I enjoy sitting back, and listening to the language skills that kids need to use as they are storytelling. They are speaking, listening, developing their vocaulary, and calling upon reading skills that we have been learning in class. If they are retelling a familiar story, they are using their listening and memorization skills. Creating their own story involves thinking about cause and effect, problem solving, exploring relationsips, manners, and cooperation.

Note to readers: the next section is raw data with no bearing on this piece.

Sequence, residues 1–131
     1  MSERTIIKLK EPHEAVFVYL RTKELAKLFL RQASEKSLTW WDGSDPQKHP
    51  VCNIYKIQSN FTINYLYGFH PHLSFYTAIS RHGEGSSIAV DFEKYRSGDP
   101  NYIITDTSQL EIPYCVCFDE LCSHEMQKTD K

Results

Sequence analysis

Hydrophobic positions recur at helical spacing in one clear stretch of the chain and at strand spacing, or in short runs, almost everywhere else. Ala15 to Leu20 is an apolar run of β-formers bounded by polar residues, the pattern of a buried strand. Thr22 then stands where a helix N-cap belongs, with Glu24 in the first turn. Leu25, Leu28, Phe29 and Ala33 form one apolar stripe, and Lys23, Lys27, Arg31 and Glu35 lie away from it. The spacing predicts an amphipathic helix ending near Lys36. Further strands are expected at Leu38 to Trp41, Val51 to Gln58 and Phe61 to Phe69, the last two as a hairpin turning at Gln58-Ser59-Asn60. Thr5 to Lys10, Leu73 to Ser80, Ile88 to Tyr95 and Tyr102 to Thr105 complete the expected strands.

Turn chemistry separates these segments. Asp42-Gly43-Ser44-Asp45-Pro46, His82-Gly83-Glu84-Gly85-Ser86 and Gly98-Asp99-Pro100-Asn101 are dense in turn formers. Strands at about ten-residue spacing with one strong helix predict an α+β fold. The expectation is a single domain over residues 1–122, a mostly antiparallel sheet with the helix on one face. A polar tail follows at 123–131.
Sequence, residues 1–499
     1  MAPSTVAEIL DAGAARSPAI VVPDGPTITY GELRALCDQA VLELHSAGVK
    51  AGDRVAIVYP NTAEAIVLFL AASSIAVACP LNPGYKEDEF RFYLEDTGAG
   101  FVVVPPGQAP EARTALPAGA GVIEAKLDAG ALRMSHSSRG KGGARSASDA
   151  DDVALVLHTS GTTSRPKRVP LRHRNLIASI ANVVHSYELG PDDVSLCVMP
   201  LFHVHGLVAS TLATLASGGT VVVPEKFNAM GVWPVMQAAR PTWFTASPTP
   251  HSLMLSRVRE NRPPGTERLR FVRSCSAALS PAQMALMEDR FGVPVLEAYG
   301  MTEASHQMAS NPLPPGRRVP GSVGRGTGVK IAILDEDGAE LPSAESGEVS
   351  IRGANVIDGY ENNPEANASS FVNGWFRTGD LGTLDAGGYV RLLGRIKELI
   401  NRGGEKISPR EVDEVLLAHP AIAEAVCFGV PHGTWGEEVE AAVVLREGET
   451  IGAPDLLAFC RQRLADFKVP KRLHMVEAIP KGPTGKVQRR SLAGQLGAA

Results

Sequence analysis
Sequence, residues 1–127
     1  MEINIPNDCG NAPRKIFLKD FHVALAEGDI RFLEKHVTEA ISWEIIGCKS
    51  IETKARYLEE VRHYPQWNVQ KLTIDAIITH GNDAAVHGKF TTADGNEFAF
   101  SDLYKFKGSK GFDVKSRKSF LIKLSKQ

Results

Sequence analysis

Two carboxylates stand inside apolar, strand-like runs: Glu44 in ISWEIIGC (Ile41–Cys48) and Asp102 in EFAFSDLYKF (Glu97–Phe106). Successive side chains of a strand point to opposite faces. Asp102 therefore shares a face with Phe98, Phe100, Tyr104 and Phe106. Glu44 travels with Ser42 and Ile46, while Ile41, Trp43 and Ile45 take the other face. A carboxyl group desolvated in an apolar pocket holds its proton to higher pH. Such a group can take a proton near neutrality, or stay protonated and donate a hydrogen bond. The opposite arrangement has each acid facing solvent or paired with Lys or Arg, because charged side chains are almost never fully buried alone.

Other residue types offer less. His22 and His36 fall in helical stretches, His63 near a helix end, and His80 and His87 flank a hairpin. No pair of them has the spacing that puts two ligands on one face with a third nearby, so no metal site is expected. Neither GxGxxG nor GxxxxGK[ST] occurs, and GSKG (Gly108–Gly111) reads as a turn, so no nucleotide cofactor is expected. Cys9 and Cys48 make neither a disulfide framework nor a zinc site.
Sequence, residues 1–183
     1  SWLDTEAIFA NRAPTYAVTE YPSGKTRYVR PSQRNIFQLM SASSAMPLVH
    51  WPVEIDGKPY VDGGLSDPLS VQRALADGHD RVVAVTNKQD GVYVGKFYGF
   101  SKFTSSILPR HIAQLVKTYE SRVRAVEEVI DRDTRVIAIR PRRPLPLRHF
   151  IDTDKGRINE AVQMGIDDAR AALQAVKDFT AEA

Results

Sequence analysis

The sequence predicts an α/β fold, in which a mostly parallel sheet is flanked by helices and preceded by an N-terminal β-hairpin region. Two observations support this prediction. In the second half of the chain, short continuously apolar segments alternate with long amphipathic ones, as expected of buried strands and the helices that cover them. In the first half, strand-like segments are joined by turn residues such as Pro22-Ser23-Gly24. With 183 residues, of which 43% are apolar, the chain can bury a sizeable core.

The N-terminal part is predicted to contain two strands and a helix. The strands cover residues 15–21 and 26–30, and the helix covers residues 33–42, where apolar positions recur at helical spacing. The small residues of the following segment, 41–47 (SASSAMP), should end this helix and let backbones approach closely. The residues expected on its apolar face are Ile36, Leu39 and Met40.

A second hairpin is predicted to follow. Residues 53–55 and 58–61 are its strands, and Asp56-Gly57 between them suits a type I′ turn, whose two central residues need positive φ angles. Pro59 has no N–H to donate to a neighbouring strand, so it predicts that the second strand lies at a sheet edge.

There is so much creativity involved in felt board storytelling. In early childhood, play is a child’s primary avenue for exploration and learning. Play stretches the imagination through hands on learning, in a visual, auditory, and tactile way.
There are many wonderful ideas for different ways to use the felt board. We’ve used felt boards in the classroom to teach math concepts, colors, matching games, sorting activities, seasons, and many other concepts. Storytelling tends to be my favorite use for felt boards. I think I’m going to see if my daughter might want to make a few felt stories with over the break. I know she’d love cutting up fabric scraps to decorate a gingerbread house.
Felt boards are extremely inexpensive to make and kids love exploring with stories and felt pieces.
Happy story telling!